In public relations, people talk about positioning an idea, a persona, a political ideal, an ideology – but what are they talking about? Why do some positions taken by organizations crystallize in the minds of audiences, while others fail?
Whilst positioning is not something new in public relations, this book is the first to explicate what it involves, how it works and how to do it. This is the first in-depth exploration of the possibilities of Positioning Theory for the public relations field and it adds a new perspective to the growing body of multidisciplinary work in this rich theoretical area, moving the discussion away from the traditional communication plans of previous decades, which fail to accommodate the changing media and opinion landscapes. The author pulls together various strands of socio-cultural theory into an analytical framework, providing readers with a tool to analyse the organizational implications of public relations decisions, guiding strategic decision making through realistic scenario planning.
This thought-provoking book provides an alternative path to studying communication in increasingly complex environments and as such, will be vital reading for researchers and educators, advanced communication and public relations students, and for senior public relations practitioners.
'This book offers nothing less than an innovative way of thinking about Public Relations. By drawing upon Positioning Theory it brings to the field the idea of rights and duties and offers the Public Relation practitioners a framework to design PR strategies. At the same time, the book offers to social scientists from different disciplines new insights in how to analyze data from a Positioning Theory angle. Melanie James’ book is a wonderful illustration of the saying that there is nothing as practical as a good theory.'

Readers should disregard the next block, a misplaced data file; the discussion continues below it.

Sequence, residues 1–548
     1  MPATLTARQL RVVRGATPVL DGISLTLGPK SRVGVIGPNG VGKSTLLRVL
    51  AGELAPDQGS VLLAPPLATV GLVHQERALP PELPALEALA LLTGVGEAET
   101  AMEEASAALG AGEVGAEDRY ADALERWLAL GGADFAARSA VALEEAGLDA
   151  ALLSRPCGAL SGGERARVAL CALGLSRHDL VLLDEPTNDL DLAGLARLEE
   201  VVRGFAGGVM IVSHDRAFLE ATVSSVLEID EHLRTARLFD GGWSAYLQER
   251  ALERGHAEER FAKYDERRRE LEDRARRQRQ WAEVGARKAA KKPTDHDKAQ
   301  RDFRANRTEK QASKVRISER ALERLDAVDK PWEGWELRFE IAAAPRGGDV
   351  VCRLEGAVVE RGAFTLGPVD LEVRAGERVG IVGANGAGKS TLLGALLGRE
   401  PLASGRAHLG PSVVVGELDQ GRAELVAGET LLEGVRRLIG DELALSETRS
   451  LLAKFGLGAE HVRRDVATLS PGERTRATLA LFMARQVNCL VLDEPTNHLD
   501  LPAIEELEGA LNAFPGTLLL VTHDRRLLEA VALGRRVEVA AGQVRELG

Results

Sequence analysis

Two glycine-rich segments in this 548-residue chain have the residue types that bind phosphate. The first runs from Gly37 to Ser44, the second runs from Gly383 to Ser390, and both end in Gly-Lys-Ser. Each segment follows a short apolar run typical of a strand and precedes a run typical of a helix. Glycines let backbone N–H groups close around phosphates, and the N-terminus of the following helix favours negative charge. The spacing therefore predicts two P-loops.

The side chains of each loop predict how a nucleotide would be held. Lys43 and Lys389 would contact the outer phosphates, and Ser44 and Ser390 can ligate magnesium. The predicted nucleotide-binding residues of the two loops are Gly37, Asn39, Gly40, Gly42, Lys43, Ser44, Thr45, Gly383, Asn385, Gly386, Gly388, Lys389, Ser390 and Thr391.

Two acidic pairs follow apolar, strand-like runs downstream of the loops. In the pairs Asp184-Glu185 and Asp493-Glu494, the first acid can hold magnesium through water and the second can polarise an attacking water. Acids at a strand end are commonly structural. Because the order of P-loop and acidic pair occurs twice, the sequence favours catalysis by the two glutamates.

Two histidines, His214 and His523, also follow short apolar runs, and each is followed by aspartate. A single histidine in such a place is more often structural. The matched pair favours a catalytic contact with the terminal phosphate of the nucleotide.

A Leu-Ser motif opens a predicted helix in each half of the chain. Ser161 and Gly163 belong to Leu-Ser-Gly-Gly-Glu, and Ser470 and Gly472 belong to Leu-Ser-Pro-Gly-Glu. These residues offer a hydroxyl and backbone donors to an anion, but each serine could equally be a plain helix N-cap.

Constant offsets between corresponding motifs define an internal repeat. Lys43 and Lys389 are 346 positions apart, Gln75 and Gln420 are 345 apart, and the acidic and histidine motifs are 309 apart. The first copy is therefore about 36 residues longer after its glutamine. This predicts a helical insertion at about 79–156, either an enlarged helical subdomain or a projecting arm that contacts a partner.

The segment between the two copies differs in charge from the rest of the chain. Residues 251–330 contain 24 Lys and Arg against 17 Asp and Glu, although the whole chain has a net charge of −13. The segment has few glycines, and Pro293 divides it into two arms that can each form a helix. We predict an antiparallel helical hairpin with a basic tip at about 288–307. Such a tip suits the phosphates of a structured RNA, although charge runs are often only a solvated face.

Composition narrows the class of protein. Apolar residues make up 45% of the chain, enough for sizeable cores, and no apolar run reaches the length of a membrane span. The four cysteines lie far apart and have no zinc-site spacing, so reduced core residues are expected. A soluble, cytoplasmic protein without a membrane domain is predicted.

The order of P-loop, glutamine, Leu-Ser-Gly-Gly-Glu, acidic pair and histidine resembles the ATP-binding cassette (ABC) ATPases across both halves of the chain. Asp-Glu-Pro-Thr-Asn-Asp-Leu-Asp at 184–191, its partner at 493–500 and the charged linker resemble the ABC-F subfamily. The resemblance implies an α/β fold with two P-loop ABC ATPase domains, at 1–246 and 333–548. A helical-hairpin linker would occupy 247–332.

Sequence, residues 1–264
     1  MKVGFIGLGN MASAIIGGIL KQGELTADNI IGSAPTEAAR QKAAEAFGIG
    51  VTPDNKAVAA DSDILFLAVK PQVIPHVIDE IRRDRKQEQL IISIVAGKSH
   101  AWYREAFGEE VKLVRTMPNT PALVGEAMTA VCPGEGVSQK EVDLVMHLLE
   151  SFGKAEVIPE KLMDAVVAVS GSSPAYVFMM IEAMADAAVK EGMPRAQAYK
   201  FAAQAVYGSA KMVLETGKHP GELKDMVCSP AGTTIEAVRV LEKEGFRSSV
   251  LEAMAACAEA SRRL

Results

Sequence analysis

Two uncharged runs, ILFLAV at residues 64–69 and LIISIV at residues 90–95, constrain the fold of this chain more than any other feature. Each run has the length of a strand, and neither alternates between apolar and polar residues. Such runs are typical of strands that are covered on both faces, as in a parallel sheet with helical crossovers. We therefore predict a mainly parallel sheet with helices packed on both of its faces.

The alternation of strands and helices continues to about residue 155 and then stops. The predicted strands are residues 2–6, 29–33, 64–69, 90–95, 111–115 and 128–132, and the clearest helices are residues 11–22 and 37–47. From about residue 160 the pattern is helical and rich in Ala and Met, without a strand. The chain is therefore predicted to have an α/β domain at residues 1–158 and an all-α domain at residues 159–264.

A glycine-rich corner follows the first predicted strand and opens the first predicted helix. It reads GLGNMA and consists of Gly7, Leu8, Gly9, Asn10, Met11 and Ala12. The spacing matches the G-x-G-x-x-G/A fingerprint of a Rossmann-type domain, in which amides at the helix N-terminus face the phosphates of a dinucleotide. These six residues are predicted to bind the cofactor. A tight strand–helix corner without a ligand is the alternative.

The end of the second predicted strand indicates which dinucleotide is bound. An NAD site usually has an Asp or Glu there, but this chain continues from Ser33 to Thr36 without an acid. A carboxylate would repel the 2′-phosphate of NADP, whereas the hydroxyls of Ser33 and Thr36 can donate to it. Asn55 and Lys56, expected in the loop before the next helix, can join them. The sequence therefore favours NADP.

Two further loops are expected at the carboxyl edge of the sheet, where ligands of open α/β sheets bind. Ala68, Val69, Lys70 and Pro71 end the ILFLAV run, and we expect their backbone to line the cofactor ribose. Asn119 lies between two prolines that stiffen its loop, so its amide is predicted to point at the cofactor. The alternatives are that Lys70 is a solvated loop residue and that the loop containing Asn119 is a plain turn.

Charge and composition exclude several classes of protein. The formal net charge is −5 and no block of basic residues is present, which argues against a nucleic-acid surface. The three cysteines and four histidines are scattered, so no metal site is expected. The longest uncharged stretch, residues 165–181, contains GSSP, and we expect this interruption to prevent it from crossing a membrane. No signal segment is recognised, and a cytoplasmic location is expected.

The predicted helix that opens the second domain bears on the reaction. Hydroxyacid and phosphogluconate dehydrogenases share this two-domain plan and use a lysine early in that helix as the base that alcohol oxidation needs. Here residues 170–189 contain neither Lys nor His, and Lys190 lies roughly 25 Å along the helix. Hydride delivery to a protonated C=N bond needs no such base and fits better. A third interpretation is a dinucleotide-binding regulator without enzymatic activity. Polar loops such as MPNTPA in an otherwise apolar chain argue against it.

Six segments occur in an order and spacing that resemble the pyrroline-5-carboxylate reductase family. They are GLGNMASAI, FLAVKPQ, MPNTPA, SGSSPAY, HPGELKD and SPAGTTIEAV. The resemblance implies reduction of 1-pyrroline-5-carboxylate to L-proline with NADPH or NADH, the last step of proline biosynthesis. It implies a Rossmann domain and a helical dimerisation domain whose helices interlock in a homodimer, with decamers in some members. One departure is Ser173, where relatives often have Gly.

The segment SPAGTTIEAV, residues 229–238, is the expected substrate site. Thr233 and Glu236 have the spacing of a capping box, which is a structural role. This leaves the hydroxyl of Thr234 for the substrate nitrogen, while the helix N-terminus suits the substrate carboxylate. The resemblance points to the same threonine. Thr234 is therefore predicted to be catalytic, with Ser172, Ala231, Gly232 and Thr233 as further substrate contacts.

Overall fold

Luk van Langenhove, Professor and Director of the United Nations University Institute on Comparative Regional Integration Studies (UNU-CRIS), Representative of the Rector at UNESCO in Paris, and co-author with Prof Rom Harré of the book, "Positioning Theory - Moral Contexts of Intentional Action" (1999).
'Positioning is something that public relations people talk about, yet no one has adequately described or theorized – until now. Melanie James makes an important contribution to both theory and practice by describing, analyzing and applying positioning theory, thereby explaining how public relations contributes to the social construction of reality.'
Karen Miller Russell, Associate Professor, University of Georgia, USA.
Part 1: Public Relations and Positioning Theory 1. Positioning in Public Relations 2. Rights, Duties and Power in Positioning 3. A Framework for Intentional Positioning in Public Relations Part 2: The Positioning Triangle and Public Relations 4. Determining the Position in Public Relations: The first vertex of the positioning triangle 5. Enacting the Position in Public Relations: The second vertex of the positioning triangle 6. Supporting the Positioning in Public Relations: Storyline, the third vertex of the positioning triangle Part 3: Applying Positioning Theory to Public Relations Research and Practice 7. Analyzing Positioning Strategies in Public Relations 8. A Detailed Study of a Positioning Strategy: Indonesia, ‘good friend’ of Australia 9. Utilizing the Framework for Intentional Positioning in Designing Public Relations Strategies: Positioning extreme poverty 10. Future Directions for Positioning Theory in Public Relations
Current academic thinking about PR and related communication is a lively, expanding marketplace of ideas and many scholars believe that it’s time for its radical approach to be deepened. Routledge New Directions in PR & Communication Research is the forum of choice for this new thinking. Its key strength is its remit, publishing critical and challenging responses to continuities and fractures in contemporary PR thinking and practice, tracking its spread into new geographies and political economies. It questions its contested role in market-orientated, capitalist, liberal democracies around the world, and examines its invasion of all media spaces, old, new, and as yet unenvisaged. The New Directions series has already published and commissioned diverse original work on: PR’s influence on Israeli and Palestinian nation building; its origins in the history of ideas; a Jungian approach to its ethics and professionalism; global perspectives on its professional practice; PR as an everyday language for everyone; as emotional labour; as communication in conflicted societies, and its relationships to cooperation, justice and paradox. We actively invite new contributions and offer academics a welcoming place for the publication of their analyses of a universal, persuasive mind-set that lives comfortably in old and new media around the world.